03/26/2019

Ten ways parents can get their kids to eat more fruits and veggies

As a mom of three young children, Haley Cox knows it can be difficult to get your child to pick apple slices over French fries. As a clinical dietitian at St. Joseph’s Hospital, Cox also knows the importance of getting enough fruits and vegetables in your diet.

Parents and guardians should encourage their kids to eat a variety of fruits and vegetables, Cox says. They are high in vitamins, minerals and fiber. And, not only are they a convenient, quick and nutritional snack, but fruits and vegetables are low in fat, sodium and calories.

Haley Cox
Haley Cox, St. Joseph's Hospital Clinical Dietitian

Diets dominated by fruits and veggies can reduce the risk of certain diseases, including cardiovascular disease and diabetes. These plant-based foods also help you feel healthy and energized, and getting children in the habit of eating fruits and veggies early in life helps them continue that trend through adulthood.

“Fruits and vegetables are nutritious and delicious and fun to eat,” Cox says. “There’s a rainbow of colors to choose from which provide a great source of antioxidants, unlike sugary snacks and fast food, which are high in fat and sugar.”

Related Article: How colorful is your diet?

Because vegetables and fruits contain a variety of vitamins, minerals, fiber and antioxidants, the benefits of children eating them are many, including:

  • Promote good health and protect against disease, both now and in the future
  • Ensure the child has healthy growth and development
  • Strengthen the immune system and help fight illness
  • The high fiber content can aid in bowel regularity and prevent constipation

What’s recommended for children?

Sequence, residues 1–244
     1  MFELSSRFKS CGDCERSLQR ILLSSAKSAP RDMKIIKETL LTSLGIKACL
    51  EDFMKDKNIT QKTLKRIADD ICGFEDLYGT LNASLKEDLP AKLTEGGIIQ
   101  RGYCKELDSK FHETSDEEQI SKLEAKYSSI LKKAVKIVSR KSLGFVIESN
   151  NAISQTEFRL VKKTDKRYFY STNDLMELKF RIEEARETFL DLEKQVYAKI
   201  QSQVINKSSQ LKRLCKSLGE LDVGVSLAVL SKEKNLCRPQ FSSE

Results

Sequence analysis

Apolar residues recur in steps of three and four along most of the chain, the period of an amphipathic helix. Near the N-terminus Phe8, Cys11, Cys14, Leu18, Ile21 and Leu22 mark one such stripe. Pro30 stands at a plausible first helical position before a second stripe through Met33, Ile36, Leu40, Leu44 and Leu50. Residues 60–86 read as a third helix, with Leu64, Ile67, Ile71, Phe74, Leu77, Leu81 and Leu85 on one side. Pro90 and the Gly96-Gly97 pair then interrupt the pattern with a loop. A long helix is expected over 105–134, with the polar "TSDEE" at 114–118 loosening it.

For children ages 2 to 6, the recommended daily amount of vegetables is three servings and two fruit servings, Cox says. Older children should aim for four servings of vegetables a day and three fruit servings.

Serving size examples can include:

  • 1 cup of raw, leafy vegetables
  • 1/2 cup of other vegetables, cooked or raw
  • 3/4 cup of vegetable juice
  • 1 medium apple, banana, orange or pear
  • 1/2 cup chopped, cooked or canned fruit
  • 3/4 cup of fruit juice

Cox does advise parents to be weary of canned fruit and juices because they can contain added sugars. “Ensure it’s 100 percent juice and not a juice ‘drink’ full of sugar,” she says.

Tips to get your child to eat more fruits and veggies

Just because we know something is good for us or our kids, doesn’t mean it’s always easy. However, there are several ways parents can get their kids to eat more fruits and veggies. Cox suggests:

  1. Let the kids help in washing and preparing the fruits and vegetables.
  2. Slice fruits and veggies so they are easy to grab and snack on.
  3. Add diced or pureed fruits and vegetables to muffins or other desserts.
  4. Add diced vegetables to your child’s favorite meal, such as spaghetti, meatloaf or other casseroles.
  5. Grow vegetables and herbs at home to teach children where food comes from and encourage them to try new foods. “Kids are more likely to try a small bite of carrots, broccoli or tomatoes if they’ve helped to plant and pick them,” Cox says. If you don’t have space for a garden, a window box or planter also can work.
  6. Have a fruit or vegetable with every meal – add it to cereal, on top of a salad or dip for an after-school snack.
  7. Eat together. Research shows that kids eat more fruits and vegetables and less fried foods and sugary drinks when they eat with the entire family.
  8. Avoid buying high calorie foods such as chips, cookies and candy bars. Your child may not ask for these treats if they are not in sight.
  9. Be a role model – eat more fruits and vegetables yourself.
  10. Have fun and get creative with your meals.
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